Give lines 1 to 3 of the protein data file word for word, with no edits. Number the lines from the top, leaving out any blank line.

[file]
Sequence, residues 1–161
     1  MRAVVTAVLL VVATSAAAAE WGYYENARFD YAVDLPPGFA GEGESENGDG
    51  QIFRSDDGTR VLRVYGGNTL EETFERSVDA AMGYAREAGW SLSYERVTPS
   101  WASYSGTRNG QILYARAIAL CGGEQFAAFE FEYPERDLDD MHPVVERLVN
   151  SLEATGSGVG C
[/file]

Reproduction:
Sequence, residues 1–161
     1  MRAVVTAVLL VVATSAAAAE WGYYENARFD YAVDLPPGFA GEGESENGDG
    51  QIFRSDDGTR VLRVYGGNTL EETFERSVDA AMGYAREAGW SLSYERVTPS